The TIMBo Program is great for self-development as well as learning to facilitate groups and yoga classes for women who want to live more authentically and let go of emotions that no longer serve us/them. In this four day training you will meet women who will be your friends for life.
The day after the training Sue wrote on her Facebook page: “Laugh with me and we connect for a day. Cry with me and we connect for a lifetime.” This pretty much sums up how powerful the training was and how deeply connected I feel to the women who were at this training.
Post-TIMBO days/weeks also remind me of the post-Reiki training days. They are emotional (in an awesome, powerful way), you feel fully present in your life and you are really clear on what is leading you toward your life’s purpose and what is not.
This training will change your perception and will provide you with the strength to move toward that which energetically and intuitively feels right for your life and will help you release from that which does not resonate.
You will need to be prepared to get in touch with how emotions are stored in your body—which is why it quickly becomes clear why Marika walked into the training room with multiple boxes of tissues. It’s quite cleansing and healing as we realize that life is not always about being happy and that we cannot truly know happiness without being familiar with sadness.
And we understand that we can experience confidence by recognizing our shame and we can move toward the light by having knowledge of the darkness. We need to allow ourselves to be vulnerable—which according to Brené Brown is an accurate measurement of courage. When we live truthfully, with courage, we are living authentically.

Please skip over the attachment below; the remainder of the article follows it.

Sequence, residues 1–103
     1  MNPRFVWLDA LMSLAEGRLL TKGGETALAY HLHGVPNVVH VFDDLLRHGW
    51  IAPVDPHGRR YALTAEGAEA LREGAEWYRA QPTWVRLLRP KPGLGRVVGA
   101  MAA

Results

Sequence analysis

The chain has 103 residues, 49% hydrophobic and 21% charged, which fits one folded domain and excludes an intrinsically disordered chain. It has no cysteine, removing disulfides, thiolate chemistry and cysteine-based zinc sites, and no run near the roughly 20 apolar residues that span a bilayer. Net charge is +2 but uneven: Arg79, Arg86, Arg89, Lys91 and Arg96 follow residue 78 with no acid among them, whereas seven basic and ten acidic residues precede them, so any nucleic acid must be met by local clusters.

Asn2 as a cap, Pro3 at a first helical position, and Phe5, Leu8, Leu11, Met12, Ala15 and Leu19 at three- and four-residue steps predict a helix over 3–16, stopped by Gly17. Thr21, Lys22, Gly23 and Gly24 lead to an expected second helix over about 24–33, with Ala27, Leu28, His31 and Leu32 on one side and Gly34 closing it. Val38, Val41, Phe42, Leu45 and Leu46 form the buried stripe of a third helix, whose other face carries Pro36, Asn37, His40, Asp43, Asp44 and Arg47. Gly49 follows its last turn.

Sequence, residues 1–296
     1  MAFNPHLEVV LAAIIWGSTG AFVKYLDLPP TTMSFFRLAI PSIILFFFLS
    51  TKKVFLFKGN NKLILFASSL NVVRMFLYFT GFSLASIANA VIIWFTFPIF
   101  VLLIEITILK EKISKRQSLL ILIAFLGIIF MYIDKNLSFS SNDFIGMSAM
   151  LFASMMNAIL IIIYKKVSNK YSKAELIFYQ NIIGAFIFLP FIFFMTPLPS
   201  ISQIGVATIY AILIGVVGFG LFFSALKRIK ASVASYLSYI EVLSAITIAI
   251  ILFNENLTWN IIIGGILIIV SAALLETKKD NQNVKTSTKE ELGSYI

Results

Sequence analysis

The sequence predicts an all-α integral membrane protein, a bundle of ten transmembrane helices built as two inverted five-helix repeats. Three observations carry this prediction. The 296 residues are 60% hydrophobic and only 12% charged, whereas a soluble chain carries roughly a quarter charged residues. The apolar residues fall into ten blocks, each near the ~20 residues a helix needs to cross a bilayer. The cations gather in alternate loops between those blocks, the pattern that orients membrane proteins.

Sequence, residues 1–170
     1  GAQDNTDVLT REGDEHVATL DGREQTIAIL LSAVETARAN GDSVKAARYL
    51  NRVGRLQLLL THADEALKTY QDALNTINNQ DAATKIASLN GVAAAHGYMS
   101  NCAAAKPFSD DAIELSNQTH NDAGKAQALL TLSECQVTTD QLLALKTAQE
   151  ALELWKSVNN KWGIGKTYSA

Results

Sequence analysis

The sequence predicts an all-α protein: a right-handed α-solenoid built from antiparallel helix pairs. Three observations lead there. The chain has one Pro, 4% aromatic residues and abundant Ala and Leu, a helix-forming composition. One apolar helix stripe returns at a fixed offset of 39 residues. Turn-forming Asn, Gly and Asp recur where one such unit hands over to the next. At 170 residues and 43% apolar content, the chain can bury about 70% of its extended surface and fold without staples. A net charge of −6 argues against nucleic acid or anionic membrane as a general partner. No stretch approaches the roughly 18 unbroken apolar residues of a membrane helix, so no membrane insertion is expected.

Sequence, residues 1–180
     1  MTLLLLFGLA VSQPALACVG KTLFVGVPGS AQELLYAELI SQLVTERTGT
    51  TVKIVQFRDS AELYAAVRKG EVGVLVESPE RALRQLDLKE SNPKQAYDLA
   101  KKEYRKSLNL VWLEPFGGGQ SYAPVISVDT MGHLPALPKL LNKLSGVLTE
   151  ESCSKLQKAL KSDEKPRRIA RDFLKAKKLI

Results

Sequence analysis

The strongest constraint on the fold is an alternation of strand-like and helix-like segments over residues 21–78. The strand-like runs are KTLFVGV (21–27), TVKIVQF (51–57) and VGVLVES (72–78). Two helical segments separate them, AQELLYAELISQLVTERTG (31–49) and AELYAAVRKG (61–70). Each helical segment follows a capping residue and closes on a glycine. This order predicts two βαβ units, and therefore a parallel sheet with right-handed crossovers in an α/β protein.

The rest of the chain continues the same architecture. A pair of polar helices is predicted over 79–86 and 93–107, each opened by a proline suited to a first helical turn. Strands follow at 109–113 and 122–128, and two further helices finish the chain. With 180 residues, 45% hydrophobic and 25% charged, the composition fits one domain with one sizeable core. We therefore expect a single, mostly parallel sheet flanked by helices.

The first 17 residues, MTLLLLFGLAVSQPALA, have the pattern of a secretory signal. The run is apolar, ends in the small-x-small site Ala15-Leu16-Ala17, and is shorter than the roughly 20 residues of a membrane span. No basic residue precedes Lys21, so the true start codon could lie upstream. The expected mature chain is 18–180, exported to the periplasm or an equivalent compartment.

More from Brené Brown on this subject:
> Shift judgment of reaction to the stories/feelings with Mindfulness Practices: Practice Pranayama, Yoga, Meditation
> Breathing off the mat—pay attention and lengthen our breath to change the physiology of your body
> Read, Learn and Be Inspired—here are some of my favorites:
Brene Brown: The Gifts of Imperfection;
Buddha’s Brain: Richard Hanson;
Life Lessons – Elisabeth Kubler-Ross & David Kessler;
Anatomy of the Spirit – Caroline Myss;
The Power of Intention – Wayne Dyer;
Change Your Thoughts, Change Your Life – Wayne Dyer;
Seven Spiritual Laws of Success – Deepak Chopra;
A New Earth – Eckhart Tolle;
Mudras – Yoga in Your Hands – Gertrude Hirschi;
Creative Visualization – Shakti Gawain
> Life/Health Coaching
To process the stories of our lives so we can release the emotions that we attached to the story, when we are no longer attached to them in a way that is creating harm to our body, we begin the healing process and to understand yourself, learn about how your values and beliefs contribute to your actions and reactions.
> Attend a TIMBo session and learn to “put space between what you feel and what you choose to do.”
> Recognize and take time to do what grounds you—nature, reading, yoga, spending time with friends & family or anything else you find grounding.
> Believe that you have the resources within to accomplish anything you want in life.
> Understand the concept of choice—Living Life, Making Choices
Every day we make choices.
We choose one thought over another,
we choose one behavior over another,
we choose to take one path over another.
When we investigate our lives,
existing with awareness
and taking responsibility for our choices,
we are choosing to live an authentic life.
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Editor: Kate Bartolotta